Monday, June 14, 2010

A Great Hudson River Gem Is Gone

June 14, 2010
All photos by Jennifer Benepe (C).
Many cyclists are familiar with one of the Tri-State area's cycling paradises, Henry Hudson Drive.  Informally known as River Road, the 7-mile roadway is part of the New Jersey Palisades, and provides some of the most beautiful riding just a few pedal strokes away from the entrance to the George Washington Bridge on the New Jersey side.

Adding to their pleasure is the relatively low traffic on the winding, hilly road that takes cyclists along untouched river front to Alpine, NJ where they connect to Route 9W and points north.

As cyclists have whizzed by the boat basin below Fort Lee and Englewood Cliffs, little did they know another paradise was being constructed by hand day after day by a man named Daniel Holovach.

Every day Mr. Holovach came to his favorite spot situated on a mile-long pathway connecting the first picnic area, Ross Dock, to the second, Englewood Boat Basin. In between he built an oasis of flowers, which bloom throughout the spring, summer and fall.

Last Saturday a couple was standing by Mr. Holovach's garden, and he was not there. They were wondering when the new bench had been put in, and who had done it. It sat next to the stone garden that Holovach had constructed from stones that he had collected from the Hudson when the tide went out. Along with wooden sculptures he had made of driftwood, he had plans for a stone table that he would sit at and enjoy his little space by the river.

Who is the bench for? I asked. "It's for Dan," he said. "Dan? What do you mean?" I asked.  "Dan Holovach," he answered. It soon became clear, he had died.

Why it was only yesterday he was here. In the spring I has visited and taken pictures of Holovach's red tulips sticking their necks out gracefully, silhouetted by the river.  Holovach was 63 when he died of a heart attack. It was about four days after his death that he was found in his apartment, said his brother John Holovach of Wyckoff, NJ, reached by phone.

It should have been clear to me: weeds had taken over Holovach's favorite spot that he had cultivated carefully with gorgeous perennials, like French Lavender, purple Irises, and many other flowers that I do not even know the names of.

"People have gone done there and started to pull out the weeds," said his brother who said his older brother was a "modern day Johnny Appleseed." "We also planted a Dogwood tree in his honor," near the Snack Shack at the Englewood Boat Basin where Holovach used to park his truck. But clearly, no one had taken a real hand to the weeds, as they started to crowd out his beautiful flowers. A note wrapped in plastic and held down by little stones that had been left this spring on his stone construction read, "Dear Dan, thank you very much, from Ernetta and Ira, with all our love."

It was a note that had been written as if he were still alive, and perhaps, like me, the authors had thought he was still alive, as his garden bloomed from tulips and daffodils lining the hillside, to tiger lilies lining the river wall, and peonies showing their early buds.

A highly skilled carpenter, Holovach was also a consummate wood worker and left behind a cache of gorgeous wood sculptures he had carved from found pieces of wood.  He waited for an eternity before he could buy a fine Japanese tool to work with the wood, said his brother John. "Then he would shave off one little piece of wood that was so thin you could see through it, and at that point he became like Zen."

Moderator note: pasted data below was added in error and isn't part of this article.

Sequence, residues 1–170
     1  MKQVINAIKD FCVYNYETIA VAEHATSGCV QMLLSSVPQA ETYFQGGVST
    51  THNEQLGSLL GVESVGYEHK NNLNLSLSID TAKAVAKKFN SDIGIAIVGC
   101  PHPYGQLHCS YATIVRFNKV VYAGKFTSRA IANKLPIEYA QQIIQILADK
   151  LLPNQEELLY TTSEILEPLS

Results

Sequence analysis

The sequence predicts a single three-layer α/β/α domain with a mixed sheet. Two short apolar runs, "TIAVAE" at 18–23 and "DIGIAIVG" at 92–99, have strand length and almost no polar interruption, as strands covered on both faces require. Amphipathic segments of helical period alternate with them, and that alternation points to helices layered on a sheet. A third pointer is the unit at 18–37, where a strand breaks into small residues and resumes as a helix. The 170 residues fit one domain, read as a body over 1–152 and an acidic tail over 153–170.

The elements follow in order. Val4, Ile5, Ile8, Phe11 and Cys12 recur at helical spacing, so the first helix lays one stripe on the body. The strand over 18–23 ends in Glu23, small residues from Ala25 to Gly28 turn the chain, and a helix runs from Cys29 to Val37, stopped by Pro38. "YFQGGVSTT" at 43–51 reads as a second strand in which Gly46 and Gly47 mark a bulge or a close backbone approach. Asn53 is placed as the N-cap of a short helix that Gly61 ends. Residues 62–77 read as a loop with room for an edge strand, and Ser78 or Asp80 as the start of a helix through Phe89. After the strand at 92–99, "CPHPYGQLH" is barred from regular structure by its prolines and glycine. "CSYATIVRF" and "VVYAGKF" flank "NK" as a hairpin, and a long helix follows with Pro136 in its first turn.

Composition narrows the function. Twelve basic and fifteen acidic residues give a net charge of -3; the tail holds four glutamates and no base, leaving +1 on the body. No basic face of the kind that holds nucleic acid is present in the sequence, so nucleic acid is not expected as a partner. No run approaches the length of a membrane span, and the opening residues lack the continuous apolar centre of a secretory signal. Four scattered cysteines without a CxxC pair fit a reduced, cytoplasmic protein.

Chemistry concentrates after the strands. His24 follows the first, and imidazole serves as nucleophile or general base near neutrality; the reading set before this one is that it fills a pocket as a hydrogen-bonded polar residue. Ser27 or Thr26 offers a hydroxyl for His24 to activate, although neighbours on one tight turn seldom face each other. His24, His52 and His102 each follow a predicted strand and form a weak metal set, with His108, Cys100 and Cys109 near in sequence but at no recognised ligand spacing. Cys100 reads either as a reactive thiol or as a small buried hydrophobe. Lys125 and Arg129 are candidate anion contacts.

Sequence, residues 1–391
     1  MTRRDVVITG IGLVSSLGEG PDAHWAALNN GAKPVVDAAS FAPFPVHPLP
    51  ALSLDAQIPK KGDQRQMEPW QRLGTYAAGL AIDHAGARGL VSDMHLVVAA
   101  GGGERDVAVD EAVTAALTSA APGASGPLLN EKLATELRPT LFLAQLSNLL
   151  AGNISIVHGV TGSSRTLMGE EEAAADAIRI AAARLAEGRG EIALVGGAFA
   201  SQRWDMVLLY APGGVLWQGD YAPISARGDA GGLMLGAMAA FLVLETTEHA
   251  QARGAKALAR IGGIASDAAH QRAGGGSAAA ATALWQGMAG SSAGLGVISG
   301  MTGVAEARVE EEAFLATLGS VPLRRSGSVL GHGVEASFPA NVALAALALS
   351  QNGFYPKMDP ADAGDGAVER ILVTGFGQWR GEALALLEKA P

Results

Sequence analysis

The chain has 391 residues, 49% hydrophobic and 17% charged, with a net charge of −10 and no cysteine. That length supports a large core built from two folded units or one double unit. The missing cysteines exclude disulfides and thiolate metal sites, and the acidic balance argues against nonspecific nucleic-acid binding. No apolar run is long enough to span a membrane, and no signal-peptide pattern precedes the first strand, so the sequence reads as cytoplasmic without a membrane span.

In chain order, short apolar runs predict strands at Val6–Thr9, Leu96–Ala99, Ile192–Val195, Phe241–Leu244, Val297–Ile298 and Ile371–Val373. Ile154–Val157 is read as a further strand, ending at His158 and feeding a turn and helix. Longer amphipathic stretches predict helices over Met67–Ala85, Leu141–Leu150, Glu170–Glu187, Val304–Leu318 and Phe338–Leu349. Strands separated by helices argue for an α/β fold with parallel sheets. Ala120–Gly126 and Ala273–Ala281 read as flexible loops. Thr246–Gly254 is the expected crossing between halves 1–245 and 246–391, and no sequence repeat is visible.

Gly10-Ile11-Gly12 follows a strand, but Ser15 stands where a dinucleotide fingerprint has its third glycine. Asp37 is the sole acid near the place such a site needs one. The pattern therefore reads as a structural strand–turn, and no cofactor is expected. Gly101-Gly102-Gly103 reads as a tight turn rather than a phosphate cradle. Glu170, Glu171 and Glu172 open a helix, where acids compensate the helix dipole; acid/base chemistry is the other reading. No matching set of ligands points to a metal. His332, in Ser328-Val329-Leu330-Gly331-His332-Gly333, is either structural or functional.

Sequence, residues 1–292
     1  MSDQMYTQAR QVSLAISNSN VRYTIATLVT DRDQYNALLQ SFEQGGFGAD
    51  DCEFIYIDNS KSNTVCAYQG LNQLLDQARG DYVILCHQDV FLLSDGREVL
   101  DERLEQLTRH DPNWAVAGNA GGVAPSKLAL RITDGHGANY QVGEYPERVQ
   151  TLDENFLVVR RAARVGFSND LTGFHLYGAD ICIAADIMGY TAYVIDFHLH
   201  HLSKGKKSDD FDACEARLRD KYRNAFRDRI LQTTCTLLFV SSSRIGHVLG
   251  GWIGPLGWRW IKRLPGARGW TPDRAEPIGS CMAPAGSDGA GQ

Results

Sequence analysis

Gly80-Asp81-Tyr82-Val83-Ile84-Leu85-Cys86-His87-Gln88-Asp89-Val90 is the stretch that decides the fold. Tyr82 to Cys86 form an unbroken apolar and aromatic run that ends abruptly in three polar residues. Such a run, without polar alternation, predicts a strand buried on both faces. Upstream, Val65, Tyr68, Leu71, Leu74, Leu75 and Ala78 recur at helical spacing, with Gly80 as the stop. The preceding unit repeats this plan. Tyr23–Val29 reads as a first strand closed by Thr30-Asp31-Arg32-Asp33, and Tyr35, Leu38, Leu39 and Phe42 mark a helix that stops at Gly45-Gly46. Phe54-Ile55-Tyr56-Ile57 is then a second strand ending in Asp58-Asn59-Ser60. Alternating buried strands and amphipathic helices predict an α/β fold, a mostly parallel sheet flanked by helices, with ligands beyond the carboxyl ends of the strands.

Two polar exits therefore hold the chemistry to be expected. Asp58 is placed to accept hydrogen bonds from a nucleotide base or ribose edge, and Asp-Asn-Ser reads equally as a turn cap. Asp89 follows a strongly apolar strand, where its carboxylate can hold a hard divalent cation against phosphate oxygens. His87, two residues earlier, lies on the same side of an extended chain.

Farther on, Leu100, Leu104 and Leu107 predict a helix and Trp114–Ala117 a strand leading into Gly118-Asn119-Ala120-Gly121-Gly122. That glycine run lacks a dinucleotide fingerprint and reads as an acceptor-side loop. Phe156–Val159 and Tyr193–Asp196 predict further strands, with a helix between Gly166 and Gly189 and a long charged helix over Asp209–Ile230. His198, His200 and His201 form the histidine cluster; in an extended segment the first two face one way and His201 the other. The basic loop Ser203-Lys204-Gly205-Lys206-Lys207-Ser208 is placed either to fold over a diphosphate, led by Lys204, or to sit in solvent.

He also left thousands of photographs, and sentimental items said his brother. "He saved everything, even the baseball that I stuffed up as a kid." What's more Dan left behind scores of friends and admirers who loved what he did for the Hudson River green front, and he won't be easily replaced.

As it turns out, the love for Dan spread wide and far: the NJ Palisades Park donated the bench. John Holovach and his family donated the plaque.  And though the park does have other volunteers, no one can match his tenacity and dedication.

If you are traveling by foot, take a visit to Dan's place by taking any of the buses from the 177th St. bus station (on Broadway) to the first stop in New Jersey. Walk east towards the river along Bridge Plaza North, down a flight of steps and across Hudson Terrace to the north foot path to the George Washington Bridge.

Climb up slightly to the left of the foot path, and you will be on a dirt path heading north. Follow this for about half a mile till you come to a fork in the path, and take the right fork towards the river. You will need to climb down a series of steep steps that are fragments of the old Palisades Park when it was once a swimming and recreation area. Take those steps down to the roadway (Hudson River Drive), then pass under the roadway, continue down to the path which leads you to a few hundred feet south of the Ross Dock area.  Head north past the edge of the recreation area and children's playground and you'll see a little path heading north. Follow the path north until you come to Dan's Place.

By car, take the Palisades Parkway exit heading north off the George Washington Bridge. Take the first exit for Englewood. At the stop sign bear left. Take a left turn and head down the roadway towards the Englewood Cliffs Boat Basin. At the pin turn, follow the roadway right. At the bottom of the hill, take a left into the parking area. Walk south from the Snack Shack about 300 feet till you get to Dan's Place.

By bike of course you might want to bring a pair of shoes to walk the distance along the dirt path to the location, but you could easily do so with cleats on.

If you make a trip of it, the Snack Shack has breakfast and lunch, and features free WIFI, so you can sit and do your work while you enjoy the view and take in the small Dogwood planted by Palisades Park employees nearby.

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